The premiere of Don Giovanni happened 233 years ago. Lorenzo da Ponte, librettist of the opera noted that the emperor said afterwards:
“An enchanting opera. Might be even better than the Figaro. But my Viennese don’t like this kind of music.”
When Mozart heard this, he responded that the Viennese should have more time to process the music. But even he wouldn’t have guessed that more than two decades later, its performance will include illusionist tricks, and Don Giovanni will appear as a wizard. We asked internationally renowned bass baritone Péter Kálmán about the upcoming show in the Müpa on 4 September.
Will you really perform magician’s tricks on stage? How did you react when you first heard about this idea? Isn’t it more difficult to concentrate on singing like that?
Yes, I will perform tricks. Most famous illusionist of Hungary, Anikó Ungár, taught us how to do them, and we will use real magician tools. But it is designed in a way to not disturb singing. Otherwise, I wouldn’t mind it interfering with the singing, as I believe that not the sound itself is important, but the whole feeling that we evoke in the audience. I like unusual characters. It would be harder to play Don Giovanni if he was a sentimental, loving man. Director András Hábetler and myself are childhood friends, so he tailored the character of Don Giovanni to match my personality. He as a wizard is a progressive way of showing him. So this is a well-directed production with a bare minimum of scenery and tools. András Hábetler did a very well-reflected job.
Last year, a reviewer compared your Don Giovanni to Cipolla.
We performed the piece at a festival in Sárospatak, and that’s what we updated now to be played in the Müpa. Yes, I also think Don Giovanni is like Cipolla. I played both roles and they are both great. Cipolla also tries to enchant people, with more or less success.
I recall András Hábetler saying that Mozart’s music is the biggest proof for the existence of God.
I agree with him. What the young Mozart wrote down without corrections is a miracle. Recently I played in La Clemenza di Tito at the Salzburger Festspiele, but nowadays I sing less Mozart than before. I think I played in every Mozart opera already. These days, I do comic operas by Rossini and Donizetti, and also some Wagner stuff, but they both need different techniques. Usually singers start with Mozart roles. For some, it is for a lifetime, and for others, it’s a phase which we like to get back to sometimes. Mozart is not easy to sing, though. One needs to concentrate a lot.
You sing Mozart and Wagner, although they are two completely different worlds.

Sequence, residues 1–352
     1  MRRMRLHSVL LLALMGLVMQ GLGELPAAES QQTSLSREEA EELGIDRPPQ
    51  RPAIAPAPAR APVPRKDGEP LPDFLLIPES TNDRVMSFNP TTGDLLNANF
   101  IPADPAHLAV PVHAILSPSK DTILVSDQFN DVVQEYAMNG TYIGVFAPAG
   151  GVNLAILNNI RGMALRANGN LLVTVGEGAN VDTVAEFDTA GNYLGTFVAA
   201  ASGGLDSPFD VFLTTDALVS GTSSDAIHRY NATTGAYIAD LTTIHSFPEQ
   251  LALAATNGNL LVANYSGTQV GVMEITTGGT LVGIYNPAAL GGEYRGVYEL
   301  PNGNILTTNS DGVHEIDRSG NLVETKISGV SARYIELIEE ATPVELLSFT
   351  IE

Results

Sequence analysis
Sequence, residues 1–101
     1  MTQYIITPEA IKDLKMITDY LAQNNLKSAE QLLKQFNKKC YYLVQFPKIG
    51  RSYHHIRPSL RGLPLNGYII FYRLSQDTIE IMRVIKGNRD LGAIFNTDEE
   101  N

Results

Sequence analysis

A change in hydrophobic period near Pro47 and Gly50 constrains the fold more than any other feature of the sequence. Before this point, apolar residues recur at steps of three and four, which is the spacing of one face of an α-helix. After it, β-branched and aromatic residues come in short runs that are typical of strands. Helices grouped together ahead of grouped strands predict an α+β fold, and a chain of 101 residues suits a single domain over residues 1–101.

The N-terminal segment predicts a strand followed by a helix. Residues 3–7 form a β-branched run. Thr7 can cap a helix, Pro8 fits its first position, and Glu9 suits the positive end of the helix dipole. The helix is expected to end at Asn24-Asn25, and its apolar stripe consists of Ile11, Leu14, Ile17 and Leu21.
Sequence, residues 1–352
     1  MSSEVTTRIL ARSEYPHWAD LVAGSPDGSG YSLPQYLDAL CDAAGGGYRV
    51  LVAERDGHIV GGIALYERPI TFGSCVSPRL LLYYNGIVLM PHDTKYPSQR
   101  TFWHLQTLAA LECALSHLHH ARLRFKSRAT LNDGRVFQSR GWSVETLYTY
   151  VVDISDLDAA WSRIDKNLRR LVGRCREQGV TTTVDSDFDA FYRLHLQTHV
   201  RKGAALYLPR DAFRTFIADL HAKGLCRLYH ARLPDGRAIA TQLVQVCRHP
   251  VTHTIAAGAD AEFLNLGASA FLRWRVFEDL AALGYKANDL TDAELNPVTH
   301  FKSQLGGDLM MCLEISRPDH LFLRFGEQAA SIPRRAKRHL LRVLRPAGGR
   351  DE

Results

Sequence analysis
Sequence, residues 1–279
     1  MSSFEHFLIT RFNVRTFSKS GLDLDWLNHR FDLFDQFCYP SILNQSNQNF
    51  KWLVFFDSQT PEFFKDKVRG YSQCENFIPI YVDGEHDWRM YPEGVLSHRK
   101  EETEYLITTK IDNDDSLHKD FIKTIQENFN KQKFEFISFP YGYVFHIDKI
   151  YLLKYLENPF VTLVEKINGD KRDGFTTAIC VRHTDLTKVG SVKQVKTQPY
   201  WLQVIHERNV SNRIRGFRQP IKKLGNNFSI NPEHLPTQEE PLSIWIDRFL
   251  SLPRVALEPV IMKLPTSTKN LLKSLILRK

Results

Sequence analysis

Opera agents and directors find it incredible to do both. I think the role of Alberich is written for me, it’s a character role, and shows that Wagner can be sung other than the stereotypical “shouting” way. I am lucky to have a huge voice range. Acting helps to balance between the high and deep ranges. The downside is that I cannot be labelled by casting crews easily. But if someone has heard me singing already, they can know how many things I am capable of. That makes them understand how I can do Mozart and Wagner as the same person. It is all by chance, though.
Has the team behind this show worked together a lot?
We have sung together many times, but it’s also because opera singers in Hungary are a small group. Everyone knows everyone from various performances. My colleagues in this performance are all fantastic singers with many strengths and good qualities. I love to sing with Beatrix Fodor. This is my first joint work with Adrienn Miksch, but it’s a great experience. Csaba Sándor is a wonderful Masetto with fine technique, voice and acting. János Szerekován sings the otherwise difficult role of Don Ottavio very well. I am extremely happy about Krisztián Cser with whom we inspire each other very well.
Are you excited to stand in front of a real audience again?
A show is three quarters created by the audience, as we artists build everything from what we get in real time. There might be a concept plan, but it can only work if the audience responds well. A response from the audience can change the whole performance. When singing to a camera, one can only play their own and the director’s ideas, but that’s never the same to a breathing, reacting audience. The real-time miracle is what makes people go and watch operas, and then go home with a lovely experience. That’s what we work on. Because artists and the audience simply need each other.
Article: Anna Rácz
Translation: Zsófia Hacsek